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House Republicans plan to repeal health care reform, but have yet to offer specific alternative

by Adrienne Verrilli, published

This week, House Republicans will move forward with their efforts to pass HR 2, the “Repealing the Job-Killing Health Care Law Act” which effectively repeals the Patient Protection and Affordable Health Care Act, aka health care reform.

HR 2, expected to pass the House by a wide-margin, is dead on arrival in the Democratically-controlled Senate and would never be signed into law by the President. So the question is - to what end?

The move to undo the Affordable Health Care Act makes for great political theater and is a hunk of red meat to the Tea Party. It will also certainly be considered by the Beltway insiders and cable television pundits to be a political win for Republicans. However, will this symbolic vote actually force the Republicans to defend what repealing the Affordable Health Care Act means for the county? No one can be sure. What we do know is that if actual repeal did in fact happen, the following is what it would mean for the American people.

First, budget deficits will increase, according to the nonpartisan Congressional Budget Office (CBO). The Republicans found a renewed concern for the federal budget deficit the day President Obama took office and have charged that the country cannot afford to ensure that all Americans have health insurance. However, the CBO found that HR 2 will actually increase budget deficits approximately $230 billion by 2021. House Speaker John Boehner (R-OH) dismissed the CBO estimate saying that “I do not believe that repealing the job- killing health care law will increase the deficit.”

Second, popular provisions already in effect would be undone. A number of provisions that are currently in effect are:

• Young people can stay on their parent’s health insurance plan until age 26.

• Preventative care such as vaccines, mammograms, blood pressure screenings, pap tests, colonoscopies among others are free, i.e. no longer subject to co-pays or deductibles.

• Health insurance companies can no longer deny children coverage because of a pre-existing condition.

• Health insurance companies can no longer kick someone off their insurance plan if they get sick.

• Seniors who reach the Medicare Part D donut hole are eligible for a 50% discount on all prescription drugs.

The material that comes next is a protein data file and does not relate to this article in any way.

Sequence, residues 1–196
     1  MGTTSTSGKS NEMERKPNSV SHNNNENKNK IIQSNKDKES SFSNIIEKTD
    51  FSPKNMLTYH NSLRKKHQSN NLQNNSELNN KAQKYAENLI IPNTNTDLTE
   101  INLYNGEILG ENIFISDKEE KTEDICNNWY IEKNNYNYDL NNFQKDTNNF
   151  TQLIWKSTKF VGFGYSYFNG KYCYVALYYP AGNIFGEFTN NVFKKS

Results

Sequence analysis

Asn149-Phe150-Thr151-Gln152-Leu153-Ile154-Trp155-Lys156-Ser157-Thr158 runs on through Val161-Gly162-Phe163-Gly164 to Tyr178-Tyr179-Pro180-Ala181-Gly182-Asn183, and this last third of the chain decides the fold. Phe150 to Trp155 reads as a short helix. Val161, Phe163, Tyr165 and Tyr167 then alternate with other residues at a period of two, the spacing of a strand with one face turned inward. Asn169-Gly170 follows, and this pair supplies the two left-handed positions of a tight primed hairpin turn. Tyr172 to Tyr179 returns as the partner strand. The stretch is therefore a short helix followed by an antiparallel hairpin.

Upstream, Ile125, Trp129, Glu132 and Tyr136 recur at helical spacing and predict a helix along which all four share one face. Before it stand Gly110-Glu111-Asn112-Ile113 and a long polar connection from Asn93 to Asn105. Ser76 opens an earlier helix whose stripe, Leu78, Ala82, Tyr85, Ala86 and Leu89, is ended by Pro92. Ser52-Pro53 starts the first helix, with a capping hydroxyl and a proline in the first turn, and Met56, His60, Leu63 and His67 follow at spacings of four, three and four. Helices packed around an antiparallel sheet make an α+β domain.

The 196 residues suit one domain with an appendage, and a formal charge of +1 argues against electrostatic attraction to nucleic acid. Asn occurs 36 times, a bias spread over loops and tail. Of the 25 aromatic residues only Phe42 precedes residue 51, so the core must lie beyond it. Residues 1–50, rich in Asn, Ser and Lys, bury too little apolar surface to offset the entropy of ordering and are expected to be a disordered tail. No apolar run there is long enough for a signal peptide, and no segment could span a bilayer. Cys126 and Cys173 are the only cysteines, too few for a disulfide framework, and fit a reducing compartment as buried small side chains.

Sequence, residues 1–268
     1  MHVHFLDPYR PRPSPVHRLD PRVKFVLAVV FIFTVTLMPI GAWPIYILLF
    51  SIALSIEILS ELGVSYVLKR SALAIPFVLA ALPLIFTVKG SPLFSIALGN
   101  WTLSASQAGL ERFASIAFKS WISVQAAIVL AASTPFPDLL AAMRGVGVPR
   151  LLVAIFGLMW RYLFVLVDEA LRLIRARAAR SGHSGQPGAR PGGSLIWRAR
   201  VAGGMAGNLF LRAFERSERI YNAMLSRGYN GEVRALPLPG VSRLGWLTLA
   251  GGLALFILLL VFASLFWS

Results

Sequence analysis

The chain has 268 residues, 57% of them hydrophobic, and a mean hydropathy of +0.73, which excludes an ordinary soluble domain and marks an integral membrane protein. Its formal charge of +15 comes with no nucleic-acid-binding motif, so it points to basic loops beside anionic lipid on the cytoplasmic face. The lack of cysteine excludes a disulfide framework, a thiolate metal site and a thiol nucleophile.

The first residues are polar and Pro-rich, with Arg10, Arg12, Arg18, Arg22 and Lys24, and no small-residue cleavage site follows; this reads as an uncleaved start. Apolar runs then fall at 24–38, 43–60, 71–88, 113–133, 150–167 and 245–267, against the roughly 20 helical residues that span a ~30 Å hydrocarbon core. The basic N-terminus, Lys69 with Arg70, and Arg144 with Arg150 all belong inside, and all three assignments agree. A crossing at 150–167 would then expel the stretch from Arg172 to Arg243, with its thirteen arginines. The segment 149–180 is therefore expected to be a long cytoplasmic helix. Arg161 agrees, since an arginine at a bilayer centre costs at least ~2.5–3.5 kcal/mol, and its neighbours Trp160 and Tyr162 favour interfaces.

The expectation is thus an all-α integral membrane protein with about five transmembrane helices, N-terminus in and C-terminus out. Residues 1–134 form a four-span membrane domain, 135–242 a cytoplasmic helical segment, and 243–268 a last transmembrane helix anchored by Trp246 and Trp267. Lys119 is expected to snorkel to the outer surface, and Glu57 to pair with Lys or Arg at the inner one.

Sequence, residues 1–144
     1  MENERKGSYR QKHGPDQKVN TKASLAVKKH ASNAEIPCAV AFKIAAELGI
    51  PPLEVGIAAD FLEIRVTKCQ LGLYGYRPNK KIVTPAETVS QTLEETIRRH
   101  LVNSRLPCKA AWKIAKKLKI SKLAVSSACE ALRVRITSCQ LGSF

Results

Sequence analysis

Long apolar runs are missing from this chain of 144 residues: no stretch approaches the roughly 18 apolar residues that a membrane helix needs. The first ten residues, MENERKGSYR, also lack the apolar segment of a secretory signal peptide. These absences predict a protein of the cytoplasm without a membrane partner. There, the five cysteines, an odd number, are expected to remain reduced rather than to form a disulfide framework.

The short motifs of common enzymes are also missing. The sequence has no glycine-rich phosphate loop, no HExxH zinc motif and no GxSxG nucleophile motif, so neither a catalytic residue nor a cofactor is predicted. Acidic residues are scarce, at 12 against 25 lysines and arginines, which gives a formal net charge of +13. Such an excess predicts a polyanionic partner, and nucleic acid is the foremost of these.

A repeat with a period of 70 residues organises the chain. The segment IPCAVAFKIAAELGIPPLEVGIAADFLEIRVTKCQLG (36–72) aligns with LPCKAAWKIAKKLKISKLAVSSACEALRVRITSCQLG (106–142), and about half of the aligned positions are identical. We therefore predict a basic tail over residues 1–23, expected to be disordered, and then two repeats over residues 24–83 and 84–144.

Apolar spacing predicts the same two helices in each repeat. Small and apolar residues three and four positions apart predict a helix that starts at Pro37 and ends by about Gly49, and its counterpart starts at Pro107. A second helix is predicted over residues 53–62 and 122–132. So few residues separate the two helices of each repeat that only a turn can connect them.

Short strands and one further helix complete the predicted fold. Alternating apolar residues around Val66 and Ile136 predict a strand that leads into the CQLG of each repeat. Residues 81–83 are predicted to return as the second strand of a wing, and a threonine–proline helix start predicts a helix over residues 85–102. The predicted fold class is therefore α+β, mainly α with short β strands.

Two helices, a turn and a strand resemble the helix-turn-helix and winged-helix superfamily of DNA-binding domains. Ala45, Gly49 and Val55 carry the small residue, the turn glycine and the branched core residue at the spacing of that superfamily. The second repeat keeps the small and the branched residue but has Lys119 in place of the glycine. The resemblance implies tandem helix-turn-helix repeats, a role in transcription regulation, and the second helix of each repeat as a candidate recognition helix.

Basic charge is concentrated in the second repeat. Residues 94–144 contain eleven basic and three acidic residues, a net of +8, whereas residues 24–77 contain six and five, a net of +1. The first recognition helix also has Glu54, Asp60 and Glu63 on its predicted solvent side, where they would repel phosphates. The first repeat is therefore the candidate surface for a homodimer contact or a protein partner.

• Preventative health care for seniors such as annual wellness exams are free.

• Health insurance companies can no longer put a cap on how much they will pay in medical care for a person over his or her lifetime.

• Health insurance companies can no longer charge women more for their health insurance than they do men.

• Small businesses are eligible for tax credits if they offer health insurance coverage to their employees

• People who have been denied health insurance for having a pre-existing condition can now purchase health insurance from the Pre-Existing Condition Health Plan.

• For health insurers, 85% of employee plans’ premiums and 80% of individual plans’ premiums must be spent on medical care as compared to health insurance companies’ administrative costs, including CEO salaries.

And, beginning in 2014:

• Health insurance companies can no longer deny a person health insurance because of a pre-existing condition.

• All uninsured people will be able to purchase private health insurance from their state’s health insurance exchange – a pool of private insurance plans available for purchase. [California was the first state to set up its exchange]

• Increase the small business tax credit for offering health insurance to their employees.

Finally, any repeal would leave millions uninsured. The CBO report also estimated that the repeal of the Affordable Health Care Act will leave 54 million nonelderly people uninsured. Yet, the Republicans have not offered an alternative plan to cover any of these people.

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